Some hobbies naturally lend themselves to unwitting participants.
Such is the case for bird watching – or birding – which often simply requires a spot outdoors and a keen set of eyes. The “Learn to Birdwatch” program, which was launched in the fall of 2022, looks to take that informal observation to the next level.
” ‘Learn How to Birdwatch’ is part of our larger ‘Intro to the Outdoors’ program. That whole concept is to introduce adults in the community to new outdoor hobbies,” said Ellie Althoff, Open Space coordinator/educator. “Birding is one of those kind of outdoor hobbies that not a lot of people know about right away but can be fairly low cost to come into. It’s something that we see a lot of people relate (to).
“During our classes, if you ask if people have birded before they’ll say no, but if you ask if they enjoyed watching birds, that’s pretty common among people. It seems like a nice way to unite people and get more people outside.”
Open Space has partnered with the New Mexico State Parks Division and the U.S. Fish and Wildlife Service to help run the program, which includes providing guides and educational materials. So far, 11 different libraries have served as hosts for the course, with nine classes taking place this spring and six last fall. The number of people in attendance tends to vary based on date, location and circumstance. Althoff says as many as 30 to 40 people have been present on some occasions.
Either way, the course is free with no registration required – and all materials are provided.
“We bring field guides, we bring binoculars, we bring all of the information packets, so all of the adults that come to the program go away with a collated PowerPoint slide of all of the information that we talked about throughout the day,” Althoff said. “No necessary background or tools.”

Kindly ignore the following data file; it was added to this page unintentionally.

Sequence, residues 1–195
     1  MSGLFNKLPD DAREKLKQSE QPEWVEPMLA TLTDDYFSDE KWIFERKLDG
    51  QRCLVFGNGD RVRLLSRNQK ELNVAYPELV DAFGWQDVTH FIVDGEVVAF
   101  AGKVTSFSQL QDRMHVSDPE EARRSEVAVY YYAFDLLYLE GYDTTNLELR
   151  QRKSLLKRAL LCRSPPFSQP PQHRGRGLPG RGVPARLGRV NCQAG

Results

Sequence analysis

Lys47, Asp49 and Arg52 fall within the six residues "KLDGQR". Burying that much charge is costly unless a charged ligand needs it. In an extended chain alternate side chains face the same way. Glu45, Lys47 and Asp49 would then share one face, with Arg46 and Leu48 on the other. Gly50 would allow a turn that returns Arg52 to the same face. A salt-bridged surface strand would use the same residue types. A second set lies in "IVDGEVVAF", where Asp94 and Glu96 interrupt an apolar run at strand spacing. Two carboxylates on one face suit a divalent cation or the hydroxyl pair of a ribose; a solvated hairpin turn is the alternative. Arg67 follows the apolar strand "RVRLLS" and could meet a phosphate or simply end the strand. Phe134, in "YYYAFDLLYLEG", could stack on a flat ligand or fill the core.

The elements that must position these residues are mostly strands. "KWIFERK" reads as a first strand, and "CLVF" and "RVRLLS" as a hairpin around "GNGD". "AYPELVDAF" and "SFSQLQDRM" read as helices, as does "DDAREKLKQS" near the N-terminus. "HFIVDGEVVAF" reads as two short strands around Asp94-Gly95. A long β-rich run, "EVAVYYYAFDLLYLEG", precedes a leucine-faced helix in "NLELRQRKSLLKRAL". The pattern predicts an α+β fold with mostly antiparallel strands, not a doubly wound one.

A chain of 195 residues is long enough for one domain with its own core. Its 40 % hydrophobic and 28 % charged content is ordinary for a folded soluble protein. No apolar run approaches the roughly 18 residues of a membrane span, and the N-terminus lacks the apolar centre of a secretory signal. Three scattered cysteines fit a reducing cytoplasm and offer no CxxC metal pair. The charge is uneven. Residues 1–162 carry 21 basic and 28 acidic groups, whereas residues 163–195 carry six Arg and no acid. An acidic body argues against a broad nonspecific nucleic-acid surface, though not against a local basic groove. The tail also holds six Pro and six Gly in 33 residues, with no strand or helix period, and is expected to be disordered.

Those who attend will learn how to use binoculars, identify common species of birds and find out which areas in the Duke City are ideal for birding. Those skills can be put into practice at the end of the classroom session, as an optional guided walk around the urban space outside of the library is available. Guides have ranged from educators (including Althoff) to wildlife biologists to U.S. Fish and Wildlife employees, who in the past have offered insight on regulation and enforcement regarding birding.
“Between last season and this season, you would have gotten some different perspectives, but definitely the same theme and program,” Althoff said. “(We’re) trying to keep those principles of birding.”
Some of the species one might encounter in the area include Cooper’s hawks, red-tailed hawks, great-horned owls, mallards, sandhill cranes, woodpeckers, house finches, hummingbirds and chickadees, among others. Anyone interested in continuing beyond the course will have the option of checking out a beginner’s birding kit at any of the participating libraries. These come with a birding hotspot guide, an open space map and a set of binoculars complete with instructions.
“Anyone with a library card can get out there and get into it,” Althoff said.
And really, that’s the beauty of birding in general. It’s a hobby that’s pretty inclusive.
“I think one of the really lovely things about birdwatching is that it really can connect people to nature. So it’s a lovely first experience outdoors,” Althoff said. “You can just go outside with a pair of binoculars for an hour or two and just really enjoy (the area) you’re in and connect to the place.
“It’s also super flexible, so you can do it anywhere at any time. In that way it’s very inclusive. You don’t need a body of water, you don’t need mountains, you don’t get excluded if you’re in an urban environment. We can bird in our backyards easily.”